Selling away occurs when a broker sells you a product that is not approved by the broker’s firm. The broker is “selling away” from the firm or participating in an “outside business activity.” Your broker and the brokerage firm (even if it is unaware of the selling away) may be liable to you for your losses from selling away.

In selling away frauds, the broker is having you invest, without your knowledge, in a company started by the broker and/or the broker’s friends or relatives.


The broker can trick you in several ways, for example:

  1. the broker may use the brokerage firm’s email or letterhead to make it appear as if the investment is approved by the brokerage firm;
  2. the broker may indicate that your funds are being placed with a third party bank and imply that you are investing in a bond sold by the bank. In reality, the broker has essentially placed your funds in his own account. Also, the investment may be presented as a promissory note with an attractive interest rate;
  3. your investment will likely no longer appear on your brokerage firm’s account statements, so you may lose track of the investment.
  4. when you start to ask questions about the investment, or why you have not received all of your payments as promised from the sham promissory note, the broker will find reasons to either avoid your questions, or make excuses for the delay.

How can you protect yourself?

Products that are sold away or outside the brokerage firm are likely to be risky to a degree that is well beyond your investment profile.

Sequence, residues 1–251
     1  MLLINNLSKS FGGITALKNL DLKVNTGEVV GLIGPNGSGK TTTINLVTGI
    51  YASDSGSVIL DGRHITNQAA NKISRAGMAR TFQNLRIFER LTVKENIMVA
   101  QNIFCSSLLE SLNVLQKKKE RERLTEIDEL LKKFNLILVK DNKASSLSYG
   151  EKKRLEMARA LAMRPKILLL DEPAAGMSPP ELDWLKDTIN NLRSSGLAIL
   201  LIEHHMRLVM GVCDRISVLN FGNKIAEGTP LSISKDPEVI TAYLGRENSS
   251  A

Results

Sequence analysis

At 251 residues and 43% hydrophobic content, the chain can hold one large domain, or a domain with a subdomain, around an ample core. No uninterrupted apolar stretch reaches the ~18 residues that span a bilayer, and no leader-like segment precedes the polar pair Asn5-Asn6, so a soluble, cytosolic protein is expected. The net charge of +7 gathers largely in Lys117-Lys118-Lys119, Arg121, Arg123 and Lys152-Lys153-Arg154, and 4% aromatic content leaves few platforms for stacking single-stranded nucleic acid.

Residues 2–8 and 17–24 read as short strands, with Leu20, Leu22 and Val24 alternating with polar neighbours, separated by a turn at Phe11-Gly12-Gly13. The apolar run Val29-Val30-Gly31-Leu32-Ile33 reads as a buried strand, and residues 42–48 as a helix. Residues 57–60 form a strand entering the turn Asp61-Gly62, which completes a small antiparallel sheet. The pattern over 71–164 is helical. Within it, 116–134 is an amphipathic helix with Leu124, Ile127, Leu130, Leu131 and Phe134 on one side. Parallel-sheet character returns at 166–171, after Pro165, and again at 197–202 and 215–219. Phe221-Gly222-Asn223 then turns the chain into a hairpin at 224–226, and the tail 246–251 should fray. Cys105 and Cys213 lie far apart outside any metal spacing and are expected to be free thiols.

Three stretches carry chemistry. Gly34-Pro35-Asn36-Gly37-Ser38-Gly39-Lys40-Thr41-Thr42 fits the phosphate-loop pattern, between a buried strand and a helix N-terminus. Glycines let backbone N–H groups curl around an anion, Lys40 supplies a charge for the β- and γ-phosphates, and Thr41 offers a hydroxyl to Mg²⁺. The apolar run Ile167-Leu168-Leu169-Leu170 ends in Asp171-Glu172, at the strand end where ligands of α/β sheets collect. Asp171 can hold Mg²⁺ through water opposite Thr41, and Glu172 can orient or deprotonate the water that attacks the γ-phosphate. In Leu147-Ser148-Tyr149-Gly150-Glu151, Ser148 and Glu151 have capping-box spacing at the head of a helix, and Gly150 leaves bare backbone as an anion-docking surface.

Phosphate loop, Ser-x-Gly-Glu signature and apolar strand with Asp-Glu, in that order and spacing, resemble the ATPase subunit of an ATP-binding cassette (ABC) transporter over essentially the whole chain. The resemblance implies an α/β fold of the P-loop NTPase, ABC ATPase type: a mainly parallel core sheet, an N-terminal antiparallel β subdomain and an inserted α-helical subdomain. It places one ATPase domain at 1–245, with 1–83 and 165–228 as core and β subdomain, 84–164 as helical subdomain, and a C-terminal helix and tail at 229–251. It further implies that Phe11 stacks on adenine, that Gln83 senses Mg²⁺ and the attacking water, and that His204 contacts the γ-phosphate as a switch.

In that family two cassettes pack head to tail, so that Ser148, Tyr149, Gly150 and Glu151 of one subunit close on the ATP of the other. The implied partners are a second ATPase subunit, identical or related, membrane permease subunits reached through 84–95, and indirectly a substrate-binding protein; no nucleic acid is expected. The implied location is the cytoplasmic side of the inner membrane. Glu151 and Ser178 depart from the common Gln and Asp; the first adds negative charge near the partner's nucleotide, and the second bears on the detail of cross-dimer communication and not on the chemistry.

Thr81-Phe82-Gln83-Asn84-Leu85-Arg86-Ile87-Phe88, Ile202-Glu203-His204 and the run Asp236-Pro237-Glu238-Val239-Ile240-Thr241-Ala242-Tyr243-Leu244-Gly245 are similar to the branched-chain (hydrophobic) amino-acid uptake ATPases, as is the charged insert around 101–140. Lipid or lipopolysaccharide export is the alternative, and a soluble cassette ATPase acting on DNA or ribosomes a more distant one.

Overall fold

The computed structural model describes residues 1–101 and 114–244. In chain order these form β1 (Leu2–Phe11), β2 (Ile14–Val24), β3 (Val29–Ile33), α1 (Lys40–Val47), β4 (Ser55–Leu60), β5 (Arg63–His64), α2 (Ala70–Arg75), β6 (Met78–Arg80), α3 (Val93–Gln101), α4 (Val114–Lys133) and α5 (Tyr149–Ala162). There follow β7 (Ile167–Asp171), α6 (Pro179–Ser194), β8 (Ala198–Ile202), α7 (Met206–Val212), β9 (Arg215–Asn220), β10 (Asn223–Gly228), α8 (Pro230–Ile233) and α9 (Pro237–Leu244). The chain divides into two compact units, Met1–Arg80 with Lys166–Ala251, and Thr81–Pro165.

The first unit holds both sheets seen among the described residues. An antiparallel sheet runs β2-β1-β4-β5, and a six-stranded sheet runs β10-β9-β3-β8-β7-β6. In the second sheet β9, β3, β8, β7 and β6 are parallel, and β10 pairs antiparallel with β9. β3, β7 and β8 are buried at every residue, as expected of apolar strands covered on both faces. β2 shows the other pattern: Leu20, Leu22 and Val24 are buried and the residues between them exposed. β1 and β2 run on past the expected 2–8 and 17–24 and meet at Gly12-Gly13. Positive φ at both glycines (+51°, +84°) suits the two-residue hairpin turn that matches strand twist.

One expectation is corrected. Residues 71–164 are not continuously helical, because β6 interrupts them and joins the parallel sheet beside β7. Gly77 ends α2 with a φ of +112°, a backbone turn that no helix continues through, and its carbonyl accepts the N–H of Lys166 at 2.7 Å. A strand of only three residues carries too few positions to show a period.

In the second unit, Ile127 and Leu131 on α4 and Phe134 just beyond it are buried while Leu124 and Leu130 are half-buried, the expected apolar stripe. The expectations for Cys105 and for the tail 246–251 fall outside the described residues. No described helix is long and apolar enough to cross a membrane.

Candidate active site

1. Review your account statements carefully for any unusual transactions.
  2. Ask for confirmation, in writing, that the product is sold by the brokerage firm. You should obtain a letter from the compliance department.
  3. If the transaction sounds unusual, it probably is.
  4. If the investment does not appear on the account statements managed by your account custodian (a third party) question why.
  5. Be careful not to sign any “comfort letter” indicating that you are generally happy with how your account is being handled, or that you understand that a certain investment is outside The brokerage firm.
  6. Keep your broker updated in writing about your investment profile. Your original account application likely contains an outdated investment profile. Your broker is required to know their customer under FINRA Rule 2111 and factors include:
    • age;
    • other investments;
    • financial situation and needs, which might include questions about annual income and liquid net worth;
    • tax status, such as marginal tax rate;
    • investment objectives, which might include generating income, funding retirement, buying a home, preserving wealth or market speculation;
    • investment experience;
    • investment time horizon, such as the expected time available to achieve a particular financial goal;
    • liquidity needs, which is the customer’s need to convert investments to cash without incurring significant loss in value; and
    • risk tolerance, which is a customer’s willingness to risk losing some or all of the original investment in exchange for greater potential returns.


FINRA Rule 3270 prohibits your broker from participating in outside business activities without written permission. NASD’s 3000 level rules require brokerage firms to supervise their brokers, and common law doctrines such as respondeat superior can make brokerage firms responsible for their employees’ actions. Accordingly, if your brokerage firm failed to detect the outside business activity, you likely have a claim against it. Reputable brokerage firms have substantial systems and safeguards in place to detect and prevent selling away and outside business activity.

Contact a qualified securities arbitration attorney immediately if you feel that you, or a loved one, is the victim of selling away or outside business activity.